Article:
It's always a bit tricky to determine for sure if a short squeeze is happening, where short-sellers frantically buy back shares as prices rise, pushing shares even higher in the process. There are some possible signs that OLED specialist Universal Display (NASDAQ: OLED) may be enjoying one as we speak, though.
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The stock skyrocketed 20% on Friday after the company reported strong fourth-quarter earnings and even went as far as initiating a dividend for the first time ever. Universal Display is kicking off this week with a bang as well, with shares gaining 7% by midday on no particular news. Meanwhile, short interest has been steadily rising over the past year as bears bet against the company. Are some of those bears now bailing?
The short interest rises
The most recent official short interest data from the exchange is for the settlement date of Jan. 31, but the mid-February numbers should be out any day now. Here's the past few months' worth of data.
Data source: Nasdaq.
You can see a fairly steady rise in Universal Display's overall short interest over the months. If we look even further back, short interest had been fluctuating within a range of 2.9 million shares to 3.3 million shares since last February, but short interest really started rising more meaningfully around October of last year. Interestingly, this is actually around the time that shares were putting in a relative bottom around $50, and shares have recovered and pushed higher on renewed optimism that Apple will finally release an OLED iPhone later this year.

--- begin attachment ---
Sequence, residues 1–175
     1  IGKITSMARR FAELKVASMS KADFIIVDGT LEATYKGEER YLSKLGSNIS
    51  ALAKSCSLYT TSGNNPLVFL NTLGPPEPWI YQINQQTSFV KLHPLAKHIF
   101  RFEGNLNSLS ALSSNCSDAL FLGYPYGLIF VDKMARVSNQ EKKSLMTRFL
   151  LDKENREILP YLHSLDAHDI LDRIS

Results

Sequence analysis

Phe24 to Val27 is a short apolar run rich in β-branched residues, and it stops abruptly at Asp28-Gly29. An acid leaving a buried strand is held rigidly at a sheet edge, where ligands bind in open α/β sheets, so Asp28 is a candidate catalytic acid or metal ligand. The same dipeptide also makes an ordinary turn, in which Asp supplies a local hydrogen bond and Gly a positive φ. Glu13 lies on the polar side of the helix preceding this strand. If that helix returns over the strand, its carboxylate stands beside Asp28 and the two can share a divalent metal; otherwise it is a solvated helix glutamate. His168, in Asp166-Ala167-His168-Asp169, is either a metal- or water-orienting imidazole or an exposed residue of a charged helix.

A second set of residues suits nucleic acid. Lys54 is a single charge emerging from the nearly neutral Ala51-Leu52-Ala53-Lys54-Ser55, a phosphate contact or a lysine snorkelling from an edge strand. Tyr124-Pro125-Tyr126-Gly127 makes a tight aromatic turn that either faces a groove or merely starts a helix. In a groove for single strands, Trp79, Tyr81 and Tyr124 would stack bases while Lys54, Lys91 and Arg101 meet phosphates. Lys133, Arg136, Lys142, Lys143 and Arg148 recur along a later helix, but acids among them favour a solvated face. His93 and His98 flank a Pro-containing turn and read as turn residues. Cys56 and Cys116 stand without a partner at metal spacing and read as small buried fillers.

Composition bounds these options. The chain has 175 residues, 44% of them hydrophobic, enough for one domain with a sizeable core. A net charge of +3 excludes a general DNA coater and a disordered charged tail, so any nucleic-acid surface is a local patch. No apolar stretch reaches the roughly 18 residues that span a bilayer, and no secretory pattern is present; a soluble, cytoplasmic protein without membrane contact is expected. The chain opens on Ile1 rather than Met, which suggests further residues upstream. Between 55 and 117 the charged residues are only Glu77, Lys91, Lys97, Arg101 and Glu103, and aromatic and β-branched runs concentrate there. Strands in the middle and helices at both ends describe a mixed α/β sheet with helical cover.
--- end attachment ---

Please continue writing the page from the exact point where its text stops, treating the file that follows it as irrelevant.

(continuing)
OLED emitter materials. Image source: Universal Display.
Given the mounting evidence of the OLED iPhone, it's peculiar that short interest has been rising so much (shares held short have jumped nearly 40% since October). It's true that shares have now gotten rather expensive, trading at 104 times earnings and 20 times sales, but if the Mac maker indeed makes the switch, that would validate and accelerate the adoption trajectory.
We do know that Universal Display announced earlier this month that it was investing $15 million in manufacturing partner PPG's Ohio facility in order to double its commercial production capacity. Clearly, the company is preparing for something.
In a number of weeks, we'll be able to look back and see if short interest declined, and if so then investors can confidently say that shorts abandoning their bearish bets contributed to Universal Display shares jumping to all-time highs.
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Evan Niu, CFA owns shares of AAPL and Universal Display. Evan Niu, CFA has the following options: long January 2018 $50 calls on Universal Display. The Motley Fool owns shares of and recommends AAPL and Universal Display. The Motley Fool has the following options: long January 2018 $90 calls on AAPL and short January 2018 $95 calls on AAPL. The Motley Fool has a disclosure policy.